In any discipline we have strengths and weaknesses. We also have comfort zones and challenges. Much of life is dealing with both.
The best advice I ever received about strengths and weakness came from a psychologist friend of mine. He said that we are all dealt a hand of cards in life, and as in any hand of cards, there are strong cards and weak cards. He said that what we tend to do is try to turn our weaknesses into strengths, when what we should do is use our strengths to keep our weaknesses from messing us up. If we put all of our energy into trying to turn our weaknesses into strengths will will most likely fail, and mess up our strengths in the process.
That is good advice for artists as well. We have strengths and weaknesses, it is good to challenge those weaknesses for sure, but not to the extent of frustration. Recently I read a long biography of Van Gogh, many have pointed out that he was not good at painting people, yet he was obsessed with painting from live models, spending his limited money just to have them. He never did become known as a portrait painter, now his other works, oh my.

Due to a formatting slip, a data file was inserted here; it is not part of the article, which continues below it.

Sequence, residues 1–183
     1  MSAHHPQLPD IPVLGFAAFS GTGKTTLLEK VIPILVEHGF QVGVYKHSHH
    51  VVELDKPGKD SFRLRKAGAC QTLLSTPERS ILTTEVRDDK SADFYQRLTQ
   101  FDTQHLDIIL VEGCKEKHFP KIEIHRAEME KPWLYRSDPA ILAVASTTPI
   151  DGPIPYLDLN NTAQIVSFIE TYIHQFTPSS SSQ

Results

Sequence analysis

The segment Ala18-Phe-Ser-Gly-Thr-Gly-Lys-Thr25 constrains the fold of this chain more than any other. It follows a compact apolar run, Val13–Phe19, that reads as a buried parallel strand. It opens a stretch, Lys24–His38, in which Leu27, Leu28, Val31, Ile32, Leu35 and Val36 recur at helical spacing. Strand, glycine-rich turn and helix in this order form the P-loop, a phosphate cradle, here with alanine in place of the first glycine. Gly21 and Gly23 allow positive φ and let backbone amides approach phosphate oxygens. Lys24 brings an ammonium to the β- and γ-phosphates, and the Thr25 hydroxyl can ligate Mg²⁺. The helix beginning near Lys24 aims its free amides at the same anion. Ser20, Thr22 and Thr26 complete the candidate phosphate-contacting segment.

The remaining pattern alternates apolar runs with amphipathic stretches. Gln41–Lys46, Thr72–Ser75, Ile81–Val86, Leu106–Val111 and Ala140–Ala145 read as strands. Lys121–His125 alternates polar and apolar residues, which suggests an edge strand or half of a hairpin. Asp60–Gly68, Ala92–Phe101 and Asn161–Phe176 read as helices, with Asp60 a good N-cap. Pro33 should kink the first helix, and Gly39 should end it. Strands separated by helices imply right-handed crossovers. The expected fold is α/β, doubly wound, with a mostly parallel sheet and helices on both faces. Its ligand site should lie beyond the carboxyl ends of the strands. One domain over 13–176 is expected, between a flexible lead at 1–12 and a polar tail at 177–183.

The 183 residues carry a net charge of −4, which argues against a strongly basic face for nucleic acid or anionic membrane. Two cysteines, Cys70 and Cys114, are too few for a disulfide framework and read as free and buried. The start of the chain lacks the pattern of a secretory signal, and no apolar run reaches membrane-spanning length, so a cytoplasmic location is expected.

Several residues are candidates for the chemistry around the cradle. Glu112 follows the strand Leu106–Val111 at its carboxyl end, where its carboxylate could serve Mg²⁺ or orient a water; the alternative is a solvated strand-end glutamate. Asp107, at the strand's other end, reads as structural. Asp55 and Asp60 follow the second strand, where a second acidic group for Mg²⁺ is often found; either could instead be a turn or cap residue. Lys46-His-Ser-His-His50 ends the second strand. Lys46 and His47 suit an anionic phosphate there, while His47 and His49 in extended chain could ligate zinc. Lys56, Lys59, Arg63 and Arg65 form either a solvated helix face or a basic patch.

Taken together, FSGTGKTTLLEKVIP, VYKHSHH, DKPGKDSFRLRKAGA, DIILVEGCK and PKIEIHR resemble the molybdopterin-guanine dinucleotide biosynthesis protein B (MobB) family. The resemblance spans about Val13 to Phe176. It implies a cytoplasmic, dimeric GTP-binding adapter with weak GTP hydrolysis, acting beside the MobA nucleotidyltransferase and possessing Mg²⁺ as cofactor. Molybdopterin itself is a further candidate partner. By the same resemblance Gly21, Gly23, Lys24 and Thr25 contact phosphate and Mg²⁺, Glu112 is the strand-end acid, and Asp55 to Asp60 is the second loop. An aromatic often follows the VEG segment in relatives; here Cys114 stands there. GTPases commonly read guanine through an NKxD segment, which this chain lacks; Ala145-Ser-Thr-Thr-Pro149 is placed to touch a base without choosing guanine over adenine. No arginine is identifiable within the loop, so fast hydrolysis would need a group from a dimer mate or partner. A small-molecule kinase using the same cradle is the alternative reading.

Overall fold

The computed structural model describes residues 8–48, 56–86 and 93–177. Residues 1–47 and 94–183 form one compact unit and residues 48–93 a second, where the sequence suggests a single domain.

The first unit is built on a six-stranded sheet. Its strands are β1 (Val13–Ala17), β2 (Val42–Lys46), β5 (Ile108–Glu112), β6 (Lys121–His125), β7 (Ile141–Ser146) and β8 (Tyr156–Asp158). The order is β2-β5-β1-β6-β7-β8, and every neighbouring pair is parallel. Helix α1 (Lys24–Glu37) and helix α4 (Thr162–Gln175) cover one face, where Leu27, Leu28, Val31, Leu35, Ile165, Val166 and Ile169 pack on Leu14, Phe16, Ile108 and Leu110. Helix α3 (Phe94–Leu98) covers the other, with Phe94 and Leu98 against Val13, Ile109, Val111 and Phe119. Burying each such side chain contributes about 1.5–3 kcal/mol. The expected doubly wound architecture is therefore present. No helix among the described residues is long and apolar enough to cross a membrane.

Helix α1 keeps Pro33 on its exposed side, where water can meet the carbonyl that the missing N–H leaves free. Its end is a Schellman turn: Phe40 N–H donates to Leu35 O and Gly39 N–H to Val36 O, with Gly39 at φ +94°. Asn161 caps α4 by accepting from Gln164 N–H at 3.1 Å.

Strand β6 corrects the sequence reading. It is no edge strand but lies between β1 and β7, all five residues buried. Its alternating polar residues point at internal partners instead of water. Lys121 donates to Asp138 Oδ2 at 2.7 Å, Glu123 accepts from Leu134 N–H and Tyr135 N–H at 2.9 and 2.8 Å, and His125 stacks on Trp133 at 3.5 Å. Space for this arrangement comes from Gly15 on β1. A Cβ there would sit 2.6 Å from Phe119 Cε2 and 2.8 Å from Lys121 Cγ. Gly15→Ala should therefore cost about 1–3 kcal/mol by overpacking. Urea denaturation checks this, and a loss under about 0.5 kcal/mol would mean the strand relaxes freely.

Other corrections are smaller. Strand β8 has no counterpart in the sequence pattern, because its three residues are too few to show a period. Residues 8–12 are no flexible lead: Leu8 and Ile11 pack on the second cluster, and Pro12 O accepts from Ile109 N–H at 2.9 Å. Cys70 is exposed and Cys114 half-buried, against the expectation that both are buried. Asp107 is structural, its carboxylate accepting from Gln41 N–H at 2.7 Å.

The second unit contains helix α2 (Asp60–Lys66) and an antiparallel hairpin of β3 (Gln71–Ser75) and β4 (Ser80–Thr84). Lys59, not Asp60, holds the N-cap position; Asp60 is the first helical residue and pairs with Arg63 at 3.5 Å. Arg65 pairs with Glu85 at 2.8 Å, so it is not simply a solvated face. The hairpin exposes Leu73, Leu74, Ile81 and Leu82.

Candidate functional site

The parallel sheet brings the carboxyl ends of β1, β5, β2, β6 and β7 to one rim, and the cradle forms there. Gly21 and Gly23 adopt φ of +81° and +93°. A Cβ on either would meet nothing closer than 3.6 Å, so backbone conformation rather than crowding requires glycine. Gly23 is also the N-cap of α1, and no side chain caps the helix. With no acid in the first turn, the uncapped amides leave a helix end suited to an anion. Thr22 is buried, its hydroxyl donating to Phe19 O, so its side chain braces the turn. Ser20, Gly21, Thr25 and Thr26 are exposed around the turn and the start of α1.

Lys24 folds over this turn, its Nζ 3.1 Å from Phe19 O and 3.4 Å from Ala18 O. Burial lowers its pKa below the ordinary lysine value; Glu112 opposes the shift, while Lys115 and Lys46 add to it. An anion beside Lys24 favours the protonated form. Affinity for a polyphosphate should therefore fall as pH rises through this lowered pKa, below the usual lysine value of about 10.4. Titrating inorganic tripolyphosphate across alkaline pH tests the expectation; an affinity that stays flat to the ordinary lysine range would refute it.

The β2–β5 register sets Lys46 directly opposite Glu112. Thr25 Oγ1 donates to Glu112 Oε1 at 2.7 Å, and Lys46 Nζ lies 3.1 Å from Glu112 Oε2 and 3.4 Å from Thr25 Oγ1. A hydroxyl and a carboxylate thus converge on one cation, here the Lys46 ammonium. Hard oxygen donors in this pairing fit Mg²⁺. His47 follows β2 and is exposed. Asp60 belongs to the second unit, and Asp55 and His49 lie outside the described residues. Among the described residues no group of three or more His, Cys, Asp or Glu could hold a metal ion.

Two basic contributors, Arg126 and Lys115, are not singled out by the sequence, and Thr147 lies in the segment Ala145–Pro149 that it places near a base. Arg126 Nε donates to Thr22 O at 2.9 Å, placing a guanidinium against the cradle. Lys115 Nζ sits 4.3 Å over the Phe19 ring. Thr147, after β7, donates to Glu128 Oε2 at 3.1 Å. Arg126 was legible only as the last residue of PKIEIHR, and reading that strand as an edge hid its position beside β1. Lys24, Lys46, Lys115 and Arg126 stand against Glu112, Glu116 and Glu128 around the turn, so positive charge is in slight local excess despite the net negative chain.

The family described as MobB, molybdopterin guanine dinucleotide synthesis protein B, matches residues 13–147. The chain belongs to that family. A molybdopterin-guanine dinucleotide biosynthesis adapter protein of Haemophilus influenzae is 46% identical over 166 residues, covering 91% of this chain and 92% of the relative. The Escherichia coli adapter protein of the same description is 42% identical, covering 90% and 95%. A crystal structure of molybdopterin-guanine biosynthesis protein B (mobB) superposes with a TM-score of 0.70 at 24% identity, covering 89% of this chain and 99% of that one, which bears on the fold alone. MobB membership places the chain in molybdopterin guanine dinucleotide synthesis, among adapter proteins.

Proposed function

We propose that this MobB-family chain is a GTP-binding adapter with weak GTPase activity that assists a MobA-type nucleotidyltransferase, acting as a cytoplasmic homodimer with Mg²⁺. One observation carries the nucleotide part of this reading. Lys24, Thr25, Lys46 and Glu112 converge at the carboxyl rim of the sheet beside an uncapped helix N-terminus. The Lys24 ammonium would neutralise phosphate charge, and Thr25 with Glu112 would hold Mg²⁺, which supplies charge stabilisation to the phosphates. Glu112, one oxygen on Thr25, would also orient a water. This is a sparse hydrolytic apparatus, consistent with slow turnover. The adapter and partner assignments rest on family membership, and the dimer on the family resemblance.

I can relate, portraits are not my strength. Now and then I dabble, just as a challenge, yet people buy my landscapes and sketches, not sure that would happen with a portrait.
As far as comfort and challenges. As artists we all have subject matter that we find extra challenging, even frustrating. For me it is cats and boats. My poor cat Neville has many roundish-looking-blob sketches of him in my past, glad he does not notice. Boats always ended up being to long, too short, odd shapes.
A few weeks ago I decided it was nuts that I could not do boats. I love boats and live in an area with plenty of boats. So I went on line where I picked up a couple of tips – though the whole figure-eight thing (look it up) eludes me still. Then I had a bit of self-talk and realized that the problem I was having is the problem we all have, I was thinking and defining instead of drawing what was there – “Terry, take the advice you give everyone else!” Draw what you see, not what you think you see.
The only way to get good at anything is to do it, you never improve at music, sports, or art without practice. So I decided to sketch boats.
The pandemic has loosened up a bit, Tricia as an essential employee, spends a few hours at her office each week, which conveniently is at South Lake Union in Seattle; lots of boats. So I offered to drive her in, then spent time at the Seattle Center for Wooden Boats, sketching boats.
The good news is that I am no longer afraid of them, and making good progress. The sketches that follow are in chronological order, and I am comfortable with the progress. As far as Neville the cat goes, wellllll… maybe one day it will get better. All I can offer as advice is that you take a shot at sketching the scenes that challenge you, you just might find you enjoy it. As always let me know how it goes.